Eugène Louis Simon (30 April 1848 – 17 November 1924) was a French naturalist who worked particularly on insects and spiders, but also on birds and plants. He is by far the most prolific spider taxonomist in history, describing over 4,000 species.
His most significant work was Histoire Naturelle des Araignées (1892-1903), an encyclopedic treatment of the spider genera of the world. It was published in two volumes of more than 1000 pages each, and the same number of drawings by Simon. Working at the Museum National in Paris, it took Simon 11 years to complete, while working at the same time on devising a taxonomic scheme that embraced the known taxa. Simon described a total of 4,650 species, and as of 2013 about 3,790 species are still considered valid. The International Society of Arachnology offers a Simon Award recognising lifetime achievement.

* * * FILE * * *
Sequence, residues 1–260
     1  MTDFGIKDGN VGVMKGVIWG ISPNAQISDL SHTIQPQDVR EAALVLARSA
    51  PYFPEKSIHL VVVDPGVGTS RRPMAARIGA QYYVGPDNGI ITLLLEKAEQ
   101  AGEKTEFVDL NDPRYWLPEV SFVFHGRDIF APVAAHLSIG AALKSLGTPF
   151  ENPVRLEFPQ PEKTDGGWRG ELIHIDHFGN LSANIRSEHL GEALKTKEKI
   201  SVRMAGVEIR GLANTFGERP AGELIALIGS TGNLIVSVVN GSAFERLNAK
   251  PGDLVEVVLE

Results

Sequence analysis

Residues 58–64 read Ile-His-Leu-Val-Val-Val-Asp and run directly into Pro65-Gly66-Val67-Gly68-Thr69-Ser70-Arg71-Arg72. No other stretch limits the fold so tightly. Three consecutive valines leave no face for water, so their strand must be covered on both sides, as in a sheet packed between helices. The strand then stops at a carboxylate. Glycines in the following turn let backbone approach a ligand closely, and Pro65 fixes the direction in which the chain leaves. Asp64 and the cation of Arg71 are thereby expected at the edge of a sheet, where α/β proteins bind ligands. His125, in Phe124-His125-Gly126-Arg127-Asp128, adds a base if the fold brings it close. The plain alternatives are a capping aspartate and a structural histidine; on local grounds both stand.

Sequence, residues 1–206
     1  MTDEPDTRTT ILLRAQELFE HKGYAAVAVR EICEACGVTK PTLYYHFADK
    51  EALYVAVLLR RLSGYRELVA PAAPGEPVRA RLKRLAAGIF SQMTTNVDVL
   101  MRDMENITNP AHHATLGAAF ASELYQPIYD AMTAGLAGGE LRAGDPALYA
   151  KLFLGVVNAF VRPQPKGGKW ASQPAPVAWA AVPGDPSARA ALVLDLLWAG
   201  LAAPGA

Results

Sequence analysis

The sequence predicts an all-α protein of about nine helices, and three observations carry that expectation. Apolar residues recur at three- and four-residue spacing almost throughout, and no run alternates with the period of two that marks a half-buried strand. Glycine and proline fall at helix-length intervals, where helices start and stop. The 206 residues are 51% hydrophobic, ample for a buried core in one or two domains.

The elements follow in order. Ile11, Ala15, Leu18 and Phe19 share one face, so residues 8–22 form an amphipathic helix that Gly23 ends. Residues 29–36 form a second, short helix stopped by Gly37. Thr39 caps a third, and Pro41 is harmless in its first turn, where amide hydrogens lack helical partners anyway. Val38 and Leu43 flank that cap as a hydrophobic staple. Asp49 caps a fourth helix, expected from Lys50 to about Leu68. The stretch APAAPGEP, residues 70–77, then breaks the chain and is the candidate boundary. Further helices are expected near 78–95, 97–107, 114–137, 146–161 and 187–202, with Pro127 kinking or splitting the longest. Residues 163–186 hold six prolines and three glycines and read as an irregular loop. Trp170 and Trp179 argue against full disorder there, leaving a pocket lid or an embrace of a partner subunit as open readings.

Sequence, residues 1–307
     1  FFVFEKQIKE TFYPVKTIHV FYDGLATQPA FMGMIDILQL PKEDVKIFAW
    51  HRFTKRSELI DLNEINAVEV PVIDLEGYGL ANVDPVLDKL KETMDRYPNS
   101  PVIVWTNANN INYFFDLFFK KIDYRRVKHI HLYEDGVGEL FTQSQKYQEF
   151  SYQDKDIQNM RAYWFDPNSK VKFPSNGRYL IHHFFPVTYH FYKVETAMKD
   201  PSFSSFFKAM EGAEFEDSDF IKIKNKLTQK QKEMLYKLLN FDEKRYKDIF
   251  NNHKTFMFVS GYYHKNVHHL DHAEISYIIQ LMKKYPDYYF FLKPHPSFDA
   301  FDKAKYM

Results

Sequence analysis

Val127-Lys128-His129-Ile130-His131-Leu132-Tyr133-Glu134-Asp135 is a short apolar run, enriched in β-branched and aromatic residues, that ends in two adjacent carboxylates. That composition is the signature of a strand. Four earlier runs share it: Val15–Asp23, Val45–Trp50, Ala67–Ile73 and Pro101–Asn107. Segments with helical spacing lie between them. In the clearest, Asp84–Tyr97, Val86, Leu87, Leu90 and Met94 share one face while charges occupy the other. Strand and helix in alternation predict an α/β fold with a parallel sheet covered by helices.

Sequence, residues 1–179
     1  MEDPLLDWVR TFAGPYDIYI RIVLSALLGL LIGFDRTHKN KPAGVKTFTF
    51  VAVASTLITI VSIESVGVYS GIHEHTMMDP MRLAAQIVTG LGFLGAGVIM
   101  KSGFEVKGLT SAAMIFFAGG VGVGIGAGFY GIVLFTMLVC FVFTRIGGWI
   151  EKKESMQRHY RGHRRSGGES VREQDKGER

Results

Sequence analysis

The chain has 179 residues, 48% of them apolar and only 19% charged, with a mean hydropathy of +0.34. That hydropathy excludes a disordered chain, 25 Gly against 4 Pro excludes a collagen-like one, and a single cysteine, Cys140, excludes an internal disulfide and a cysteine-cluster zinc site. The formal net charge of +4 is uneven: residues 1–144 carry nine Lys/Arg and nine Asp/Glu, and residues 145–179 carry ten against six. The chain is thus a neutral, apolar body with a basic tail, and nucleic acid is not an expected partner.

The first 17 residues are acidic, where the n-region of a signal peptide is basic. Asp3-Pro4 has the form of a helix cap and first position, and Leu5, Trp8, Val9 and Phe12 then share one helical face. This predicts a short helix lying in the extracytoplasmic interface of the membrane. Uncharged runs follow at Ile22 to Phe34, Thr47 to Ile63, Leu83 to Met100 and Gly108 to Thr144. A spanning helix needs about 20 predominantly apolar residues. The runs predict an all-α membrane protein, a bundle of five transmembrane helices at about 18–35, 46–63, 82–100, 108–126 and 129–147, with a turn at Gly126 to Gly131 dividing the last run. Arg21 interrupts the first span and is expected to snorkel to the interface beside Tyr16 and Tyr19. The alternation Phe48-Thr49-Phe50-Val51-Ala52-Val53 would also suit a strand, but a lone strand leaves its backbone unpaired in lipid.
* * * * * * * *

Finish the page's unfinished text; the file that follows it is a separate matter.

He also had an interest in hummingbirds. He described several species and races as well as creating the genera Anopetia, Stephanoxis, Haplophaedia and Taphrolesbia. He is commemorated by race simoni of the swallow-tailed hummingbird (Eupetomena macroura). His seminal work on hummingbirds was Histoire Naturelle des Trochilidae in 1921.
The standard author abbreviation Simon is used to indicate this person as the author when citing a botanical name. Simon's contributions to botany formed a relatively minor part of his work, and he should not be confounded with the French botanist Eugène Ernest Simon (1871–1967), abbreviation E.Simon.